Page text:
Week 2

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Week 2: The Inception of the Later Spread with Temple Building & Monasticism: The Emergent Cult of Sacred Places in the Tibetan Renaissance Seminar


Traditionally, the dissemination of Buddhism into Tibet from neighboring countries is classified by Tibetan historians into an "earlier dissemination" (snga dar) and a later dissemination (phyi dar). The former came from many countries during the Imperial Period (c. 600-c. 920), which Tibet was an imperial power at the center of many different Buddhist cultures - India, China, Central Asian areas. Then after the Empire disintegrated and Tibetans when through a dark period of socio-political chaos and the collapse of the state sponsored Buddhist monastic system (tenth century). This begins a period of several centuries often referred to by Tibetan historian as the "time of fragmentation" (sil bu'i dus). By the end of tenth century, an economic and political renaissance starts to stir, and it immediately becomes bound up with a revival of monastic networks and temples. In addition, a new class of Tibetan translators emerge - more entrepreneurial and local in character compared to the earlier state-sponsored translation efforts - who focus chiefly to the south of the Himalayas on India to translate new Buddhist literature from various Indian languages. This coincides with the final glory days of Indian Buddhism - which is seriously on the decline - including the final efflorescence of Buddhist esotericism. These new groups are critical of older traditions of Tibetan Buddhism, and gradually begin to see themselves as part of a loosely allied reform movement that goes by the name of the "new ones" (gsar ma, Sarma), or "modernists", in contrast to the older groups that come to self-identify as the "old ones" (rnying ma, Nyingma), or ancients. Overall, this quickly comes to constitute a literal renaissance of literature, art, practices, and institutions which not only massively translates Indian cultural products and forms, but also creatively adapts them into uniquely Tibetan forms. It is one of the most vibrant and creative periods of Buddhism in any culture. Thus at the heart of this onset of the renaissance is the emergence of trans-Himalayan translators, the explosive spread of new forms of Buddhist tantra (particularly the erotic and transgressive varieties), the reestablishment of monasticism, and the rebuilding of new temples and associated networks. Thus the revival of monasteries and monastic temples goes hand in hand with the emergence of net networks of sacred space. The Vinaya - the scriptural traditions of monastic decorum as well as other ethical guidelines - is thus reestablished during this time period, even while non-monastic tantric traditions are popping up everywhere. We want to keep an eye out for these new networks and institutions are interacting with clans, the dominant form of social organization on the Tibetan plateau at this time. We also want to look at broader notions of sacred space - how are the newly emergent sacred places connected to narrative literature which imbues those places with significance, what is the economic side of communities sustaining themselves at isolated sacred sites with trade in sacred “stuff” and sacred stories, and so forth.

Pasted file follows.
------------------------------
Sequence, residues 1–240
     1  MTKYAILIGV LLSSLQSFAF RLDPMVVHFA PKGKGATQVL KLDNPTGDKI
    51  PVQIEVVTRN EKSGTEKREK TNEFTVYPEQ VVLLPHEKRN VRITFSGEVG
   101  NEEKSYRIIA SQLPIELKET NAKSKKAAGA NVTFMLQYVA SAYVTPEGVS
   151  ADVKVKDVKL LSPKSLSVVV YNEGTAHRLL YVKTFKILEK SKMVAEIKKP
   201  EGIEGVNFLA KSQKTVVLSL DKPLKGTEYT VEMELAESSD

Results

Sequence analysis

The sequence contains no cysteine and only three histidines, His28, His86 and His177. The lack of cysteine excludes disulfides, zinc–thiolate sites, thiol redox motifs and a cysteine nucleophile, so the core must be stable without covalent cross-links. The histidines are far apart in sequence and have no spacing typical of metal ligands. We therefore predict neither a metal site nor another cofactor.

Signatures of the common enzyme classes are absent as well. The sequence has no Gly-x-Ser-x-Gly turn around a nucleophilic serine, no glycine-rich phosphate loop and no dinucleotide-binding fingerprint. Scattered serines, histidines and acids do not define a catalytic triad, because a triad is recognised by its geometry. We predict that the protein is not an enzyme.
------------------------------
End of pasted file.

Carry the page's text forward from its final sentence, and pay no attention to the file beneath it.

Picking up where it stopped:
Required Readings

Blue Annals

  1. Fragment #2: A Section on The Later Spread of the Teachings (pp. 63-101): bstan pa phyi dar gyi skabs.
  2. Fragment #15: A Section on the Development of the Monastic tradition (?) such as the four assembly divisions, Questions and Answers, and creation of wood printing blocks (for this text?) (pp. 1062-1093): tshogs sde bzhi sogs dge 'dun gyi sde ji ltar byung ba dang, zhu lan, par du bshengs pa'i skabs

Davidson, Tibetan Renaissance

  1. Chapter 2: The Demise of Dynasty and a Poorly Lit Path (72-104)
  2. Chapter 3: Renaissance and Reformation – the Eastern Vinaya Monks (105-146)

Additional Bibliographical Resources

  1. Additional Bibliography - Tibetan/Buddhist studies Week 2
  2. Additional Bibliography - Theoretical Week 2

The Big Questions


Weekly Student Generated Content

Discussion Questions and Notes